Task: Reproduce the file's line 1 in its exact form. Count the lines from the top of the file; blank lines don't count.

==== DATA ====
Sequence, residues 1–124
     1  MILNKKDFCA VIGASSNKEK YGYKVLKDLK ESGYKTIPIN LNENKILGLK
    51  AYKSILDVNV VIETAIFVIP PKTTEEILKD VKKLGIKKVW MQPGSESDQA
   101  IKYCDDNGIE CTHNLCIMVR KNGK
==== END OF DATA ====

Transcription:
Sequence, residues 1–124